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Interview with a Successful Startup Founder

Eloquis: Losing $20,000 with a Bootstrapped SaaS

Rohit Nallapeta
Rohit Nallapeta
March 17, 2018
Category of startup
Software & Hardware
Country of startup
United States
Revenue of startups
Interview with a Failed Startup Founder

Eloquis: Losing $20,000 with a Bootstrapped SaaS

Rohit Nallapeta
Rohit Nallapeta
March 17, 2018
Category of startup
Software & Hardware
Country of startup
United States
Cause of failure of the startup
No Market Need

Eloquis was all about bringing personalization to mobile apps. The problem? Early in the market and targeted the wrong customer segment.



Hi Rohit! What's your background, and what are you currently working on?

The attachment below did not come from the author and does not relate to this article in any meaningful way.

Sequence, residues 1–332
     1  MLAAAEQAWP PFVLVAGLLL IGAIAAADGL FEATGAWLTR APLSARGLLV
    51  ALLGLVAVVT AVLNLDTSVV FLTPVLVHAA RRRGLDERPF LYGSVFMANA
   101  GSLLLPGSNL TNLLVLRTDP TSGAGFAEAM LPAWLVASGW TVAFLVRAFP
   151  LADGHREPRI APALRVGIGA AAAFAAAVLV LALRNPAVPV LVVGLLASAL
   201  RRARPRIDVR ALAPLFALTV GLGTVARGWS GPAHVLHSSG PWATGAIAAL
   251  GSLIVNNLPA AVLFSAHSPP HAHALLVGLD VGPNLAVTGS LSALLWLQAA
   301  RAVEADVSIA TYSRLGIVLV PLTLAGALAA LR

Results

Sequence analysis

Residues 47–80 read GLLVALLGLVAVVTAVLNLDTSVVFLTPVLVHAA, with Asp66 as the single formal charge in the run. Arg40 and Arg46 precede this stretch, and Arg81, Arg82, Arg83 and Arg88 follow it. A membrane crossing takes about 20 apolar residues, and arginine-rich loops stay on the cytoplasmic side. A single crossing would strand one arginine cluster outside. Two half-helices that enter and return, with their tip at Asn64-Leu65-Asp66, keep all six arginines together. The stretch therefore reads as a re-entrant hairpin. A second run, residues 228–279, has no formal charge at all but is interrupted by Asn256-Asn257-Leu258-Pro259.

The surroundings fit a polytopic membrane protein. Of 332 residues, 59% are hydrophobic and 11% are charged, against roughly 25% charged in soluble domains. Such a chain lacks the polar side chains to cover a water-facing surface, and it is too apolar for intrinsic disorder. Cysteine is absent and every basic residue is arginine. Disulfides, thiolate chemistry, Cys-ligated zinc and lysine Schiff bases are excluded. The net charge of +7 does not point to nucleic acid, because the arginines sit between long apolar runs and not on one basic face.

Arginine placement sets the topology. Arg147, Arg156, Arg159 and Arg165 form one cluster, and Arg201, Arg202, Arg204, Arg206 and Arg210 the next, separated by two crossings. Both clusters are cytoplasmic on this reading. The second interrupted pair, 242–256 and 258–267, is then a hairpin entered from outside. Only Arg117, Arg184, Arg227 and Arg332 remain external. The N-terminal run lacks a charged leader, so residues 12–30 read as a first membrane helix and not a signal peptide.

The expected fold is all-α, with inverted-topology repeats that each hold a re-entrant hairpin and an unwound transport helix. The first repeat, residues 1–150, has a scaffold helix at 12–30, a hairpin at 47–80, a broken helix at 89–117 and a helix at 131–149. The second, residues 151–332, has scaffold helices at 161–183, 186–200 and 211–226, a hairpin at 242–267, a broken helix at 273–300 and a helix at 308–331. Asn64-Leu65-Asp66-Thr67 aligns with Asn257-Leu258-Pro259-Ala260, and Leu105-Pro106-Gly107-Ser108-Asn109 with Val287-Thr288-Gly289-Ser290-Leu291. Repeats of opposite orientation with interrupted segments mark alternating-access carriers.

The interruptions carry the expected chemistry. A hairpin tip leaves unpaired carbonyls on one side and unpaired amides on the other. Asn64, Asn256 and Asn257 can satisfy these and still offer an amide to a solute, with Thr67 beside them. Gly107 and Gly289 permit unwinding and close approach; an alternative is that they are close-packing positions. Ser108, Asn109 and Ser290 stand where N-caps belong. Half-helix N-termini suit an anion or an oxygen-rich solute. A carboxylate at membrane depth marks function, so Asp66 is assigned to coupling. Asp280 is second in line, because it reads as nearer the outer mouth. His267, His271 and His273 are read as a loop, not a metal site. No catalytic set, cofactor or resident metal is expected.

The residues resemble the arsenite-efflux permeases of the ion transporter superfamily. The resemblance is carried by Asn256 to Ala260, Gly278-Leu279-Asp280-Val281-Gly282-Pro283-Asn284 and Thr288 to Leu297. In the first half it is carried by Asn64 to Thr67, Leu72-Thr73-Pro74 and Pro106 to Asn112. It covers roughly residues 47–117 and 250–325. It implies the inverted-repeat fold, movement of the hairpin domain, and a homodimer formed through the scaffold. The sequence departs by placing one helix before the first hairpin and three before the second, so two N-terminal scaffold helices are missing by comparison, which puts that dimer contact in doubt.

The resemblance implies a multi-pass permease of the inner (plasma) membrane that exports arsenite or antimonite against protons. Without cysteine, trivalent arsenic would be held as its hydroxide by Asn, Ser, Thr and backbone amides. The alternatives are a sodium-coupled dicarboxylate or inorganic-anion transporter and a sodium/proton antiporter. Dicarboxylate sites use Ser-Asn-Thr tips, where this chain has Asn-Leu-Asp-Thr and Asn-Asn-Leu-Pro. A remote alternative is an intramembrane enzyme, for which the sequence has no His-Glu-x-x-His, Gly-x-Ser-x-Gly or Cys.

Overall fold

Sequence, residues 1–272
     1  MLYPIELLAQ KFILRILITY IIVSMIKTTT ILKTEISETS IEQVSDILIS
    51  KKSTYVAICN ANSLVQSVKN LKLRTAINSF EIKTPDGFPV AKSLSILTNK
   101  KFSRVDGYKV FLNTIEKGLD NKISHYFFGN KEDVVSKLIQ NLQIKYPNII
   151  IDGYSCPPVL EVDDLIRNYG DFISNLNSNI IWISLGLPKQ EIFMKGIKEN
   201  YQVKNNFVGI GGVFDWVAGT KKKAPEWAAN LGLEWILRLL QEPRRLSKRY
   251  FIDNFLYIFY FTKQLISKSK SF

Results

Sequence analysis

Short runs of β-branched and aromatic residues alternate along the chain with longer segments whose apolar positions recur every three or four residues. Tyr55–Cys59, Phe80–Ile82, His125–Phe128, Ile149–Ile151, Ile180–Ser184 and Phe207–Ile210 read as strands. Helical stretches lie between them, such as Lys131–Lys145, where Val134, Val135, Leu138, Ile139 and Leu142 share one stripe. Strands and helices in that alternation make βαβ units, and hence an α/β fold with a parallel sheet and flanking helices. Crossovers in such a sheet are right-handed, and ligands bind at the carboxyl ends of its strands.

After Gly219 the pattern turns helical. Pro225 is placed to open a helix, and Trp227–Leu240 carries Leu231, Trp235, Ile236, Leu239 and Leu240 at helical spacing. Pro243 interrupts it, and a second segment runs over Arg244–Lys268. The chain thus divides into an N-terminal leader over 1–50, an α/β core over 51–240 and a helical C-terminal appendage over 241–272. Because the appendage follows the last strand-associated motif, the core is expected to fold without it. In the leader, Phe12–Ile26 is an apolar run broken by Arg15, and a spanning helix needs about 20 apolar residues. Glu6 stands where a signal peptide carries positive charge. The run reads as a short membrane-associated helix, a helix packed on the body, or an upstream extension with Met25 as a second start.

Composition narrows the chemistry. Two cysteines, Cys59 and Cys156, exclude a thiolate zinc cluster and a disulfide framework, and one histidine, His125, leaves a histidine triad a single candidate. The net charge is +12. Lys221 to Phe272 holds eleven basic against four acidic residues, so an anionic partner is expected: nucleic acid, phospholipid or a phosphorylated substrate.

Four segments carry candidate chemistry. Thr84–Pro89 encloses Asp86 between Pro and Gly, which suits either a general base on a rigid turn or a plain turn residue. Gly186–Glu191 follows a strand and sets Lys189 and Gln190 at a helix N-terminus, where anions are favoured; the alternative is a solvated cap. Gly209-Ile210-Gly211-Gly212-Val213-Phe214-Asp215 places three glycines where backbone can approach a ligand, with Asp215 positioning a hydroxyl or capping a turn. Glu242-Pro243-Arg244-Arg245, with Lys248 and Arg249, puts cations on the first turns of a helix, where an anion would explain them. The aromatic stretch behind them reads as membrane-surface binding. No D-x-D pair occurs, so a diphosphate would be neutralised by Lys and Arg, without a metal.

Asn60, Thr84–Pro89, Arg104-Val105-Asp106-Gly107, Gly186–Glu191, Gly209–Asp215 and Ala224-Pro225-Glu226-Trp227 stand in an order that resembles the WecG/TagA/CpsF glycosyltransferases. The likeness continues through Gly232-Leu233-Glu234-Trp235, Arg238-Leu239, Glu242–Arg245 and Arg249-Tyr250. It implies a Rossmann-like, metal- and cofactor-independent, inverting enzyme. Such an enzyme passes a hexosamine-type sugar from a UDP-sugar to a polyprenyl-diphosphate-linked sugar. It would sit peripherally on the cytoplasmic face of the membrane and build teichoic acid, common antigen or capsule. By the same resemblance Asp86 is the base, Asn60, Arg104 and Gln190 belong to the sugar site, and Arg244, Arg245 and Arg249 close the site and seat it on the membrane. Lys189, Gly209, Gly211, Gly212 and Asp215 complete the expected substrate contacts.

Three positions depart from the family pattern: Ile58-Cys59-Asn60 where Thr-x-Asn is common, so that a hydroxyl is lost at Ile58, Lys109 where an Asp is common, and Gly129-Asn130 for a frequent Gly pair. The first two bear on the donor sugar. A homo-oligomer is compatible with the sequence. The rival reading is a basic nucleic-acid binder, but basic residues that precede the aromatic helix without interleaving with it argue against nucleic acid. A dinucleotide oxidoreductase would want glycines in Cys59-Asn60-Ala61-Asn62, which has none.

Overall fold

I am a builder by heart, while I continue to consult and build things. I started out as a programmer, evolved into an analyst, e-commerce manager, engineering manager, and product builder. I am currently working on a product idea called Market Canvas - think ProductHunt for marketing software. A discovery engine that helps marketers find right and latest marketing tools.


What was Eloquis about? How did you build it?

Eloquis was all about bringing personalization to mobile apps. What I saw was that the web evolved from being hello user to “Hello Bob, it’s great to meet you on a wonderful December day” - whereas the mobile app was the same except for the social app e.g. FB, Twitter, 4Square etc. The rest of the apps treated the user very transactionally. We thought a way to remedy that was to offer a personalization platform and humanize the apps.